Specifically, I mean the financing of offshore wind farms, but above all the approval procedures. We can't wait ten years for a permit and another seven years for electricity to be delivered for the first time.

Common transformation goals

CB: I am counting on cooperation between heavy industry and environmental associations. I have often seen that more can be achieved with unusual alliances between business and environmental associations, perhaps together with trade unions, than by way of confrontation. Such alliances could significantly accelerate the expansion of renewable energies. We should reward first movers who take early risks. And at the same time make it clear that those who follow late can count on less and less support.

GG: I agree with you there. It will also be a joint task to involve the population, because that is where the delay usually arises. People agree that renewable energies must be expanded, but no one wants to have the wind turbines nearby. This is where we need concerted action.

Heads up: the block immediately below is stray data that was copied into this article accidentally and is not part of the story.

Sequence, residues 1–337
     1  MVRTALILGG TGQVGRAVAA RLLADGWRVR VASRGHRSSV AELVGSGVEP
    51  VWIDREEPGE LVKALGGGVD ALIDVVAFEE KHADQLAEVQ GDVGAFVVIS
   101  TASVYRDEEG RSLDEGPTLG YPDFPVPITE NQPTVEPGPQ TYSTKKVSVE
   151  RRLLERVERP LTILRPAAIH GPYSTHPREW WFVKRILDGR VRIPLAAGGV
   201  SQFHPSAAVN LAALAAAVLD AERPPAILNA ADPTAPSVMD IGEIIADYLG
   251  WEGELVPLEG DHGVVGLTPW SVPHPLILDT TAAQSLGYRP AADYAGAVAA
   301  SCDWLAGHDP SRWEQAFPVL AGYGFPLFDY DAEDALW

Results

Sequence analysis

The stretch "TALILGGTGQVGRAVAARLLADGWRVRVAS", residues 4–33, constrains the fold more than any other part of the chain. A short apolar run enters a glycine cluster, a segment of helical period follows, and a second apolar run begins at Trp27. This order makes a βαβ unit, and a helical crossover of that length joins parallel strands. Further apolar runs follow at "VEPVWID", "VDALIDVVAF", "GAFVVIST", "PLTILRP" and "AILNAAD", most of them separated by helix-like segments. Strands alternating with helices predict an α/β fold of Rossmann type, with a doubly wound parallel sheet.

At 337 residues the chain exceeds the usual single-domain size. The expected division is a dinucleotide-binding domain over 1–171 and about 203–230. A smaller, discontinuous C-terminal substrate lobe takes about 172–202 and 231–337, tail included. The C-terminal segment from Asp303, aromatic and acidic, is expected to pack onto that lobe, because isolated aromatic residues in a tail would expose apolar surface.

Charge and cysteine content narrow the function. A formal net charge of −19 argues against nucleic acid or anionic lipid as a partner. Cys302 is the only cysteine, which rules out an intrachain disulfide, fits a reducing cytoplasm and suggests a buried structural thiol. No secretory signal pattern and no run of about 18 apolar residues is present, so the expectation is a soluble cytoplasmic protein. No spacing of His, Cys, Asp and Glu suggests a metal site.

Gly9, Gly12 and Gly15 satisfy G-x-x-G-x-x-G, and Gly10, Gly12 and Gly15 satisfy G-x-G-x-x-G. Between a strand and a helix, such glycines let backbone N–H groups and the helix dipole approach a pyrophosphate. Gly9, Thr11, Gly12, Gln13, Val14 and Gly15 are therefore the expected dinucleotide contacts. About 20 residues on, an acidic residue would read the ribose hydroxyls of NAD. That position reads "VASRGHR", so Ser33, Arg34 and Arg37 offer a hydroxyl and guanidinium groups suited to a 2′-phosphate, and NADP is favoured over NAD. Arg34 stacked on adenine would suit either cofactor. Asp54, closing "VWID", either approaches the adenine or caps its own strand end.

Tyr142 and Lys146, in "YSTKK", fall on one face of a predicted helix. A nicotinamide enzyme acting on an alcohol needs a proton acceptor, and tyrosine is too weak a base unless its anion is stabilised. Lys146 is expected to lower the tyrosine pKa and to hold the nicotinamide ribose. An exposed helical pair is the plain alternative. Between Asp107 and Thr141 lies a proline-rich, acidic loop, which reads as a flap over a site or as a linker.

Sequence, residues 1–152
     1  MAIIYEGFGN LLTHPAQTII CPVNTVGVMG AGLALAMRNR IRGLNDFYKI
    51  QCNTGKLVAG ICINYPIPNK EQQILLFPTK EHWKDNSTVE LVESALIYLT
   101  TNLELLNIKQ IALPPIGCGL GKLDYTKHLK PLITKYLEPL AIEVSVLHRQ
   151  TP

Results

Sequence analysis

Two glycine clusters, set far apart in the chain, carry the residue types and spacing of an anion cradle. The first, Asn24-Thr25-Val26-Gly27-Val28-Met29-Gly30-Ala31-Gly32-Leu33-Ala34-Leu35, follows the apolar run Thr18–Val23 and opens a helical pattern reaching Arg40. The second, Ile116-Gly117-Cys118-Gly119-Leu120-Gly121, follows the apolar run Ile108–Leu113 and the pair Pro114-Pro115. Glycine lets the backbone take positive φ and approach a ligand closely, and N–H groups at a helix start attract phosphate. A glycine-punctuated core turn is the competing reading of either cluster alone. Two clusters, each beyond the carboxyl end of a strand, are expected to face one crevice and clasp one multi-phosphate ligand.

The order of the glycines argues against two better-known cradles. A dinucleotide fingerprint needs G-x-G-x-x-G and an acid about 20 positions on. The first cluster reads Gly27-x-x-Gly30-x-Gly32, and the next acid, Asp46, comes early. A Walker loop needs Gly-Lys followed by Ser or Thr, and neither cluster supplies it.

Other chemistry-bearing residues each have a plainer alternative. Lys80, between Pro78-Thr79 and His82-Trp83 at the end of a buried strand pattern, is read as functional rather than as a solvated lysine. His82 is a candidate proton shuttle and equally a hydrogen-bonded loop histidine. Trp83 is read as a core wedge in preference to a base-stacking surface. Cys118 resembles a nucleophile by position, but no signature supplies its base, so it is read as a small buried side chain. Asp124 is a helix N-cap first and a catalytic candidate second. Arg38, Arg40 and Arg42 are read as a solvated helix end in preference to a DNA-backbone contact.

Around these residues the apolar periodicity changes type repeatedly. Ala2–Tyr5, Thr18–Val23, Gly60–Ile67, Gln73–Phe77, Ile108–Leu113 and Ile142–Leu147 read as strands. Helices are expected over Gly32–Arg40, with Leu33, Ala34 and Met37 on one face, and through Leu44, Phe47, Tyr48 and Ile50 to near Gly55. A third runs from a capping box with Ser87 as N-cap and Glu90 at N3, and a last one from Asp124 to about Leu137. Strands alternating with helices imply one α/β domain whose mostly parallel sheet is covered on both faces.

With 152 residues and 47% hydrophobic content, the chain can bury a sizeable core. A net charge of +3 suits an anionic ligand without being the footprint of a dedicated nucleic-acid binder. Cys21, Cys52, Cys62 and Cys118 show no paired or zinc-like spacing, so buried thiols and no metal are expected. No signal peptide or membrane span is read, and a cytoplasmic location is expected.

CB: As part of the Renewable Grid Initiative, we are supporting some major grid construction projects in Germany. With regard to acceptance problems, my people meet with citizen groups to work together to determine what are the real problems and what are the pseudo-problems. We also take this approach to the nature conservation concerns that grid expansion entails. In some cases, new concepts can even improve biodiversity. To this end, we are engaged in an intensive, sometimes initially controversial dialog with many environmental associations.

»We can't wait ten years for an offshore wind farm and another seven years for it to deliver electricity for the first time.«

Gunnar Groebler, Chief Executive Officer of Salzgitter AG

The wish for a differentiated view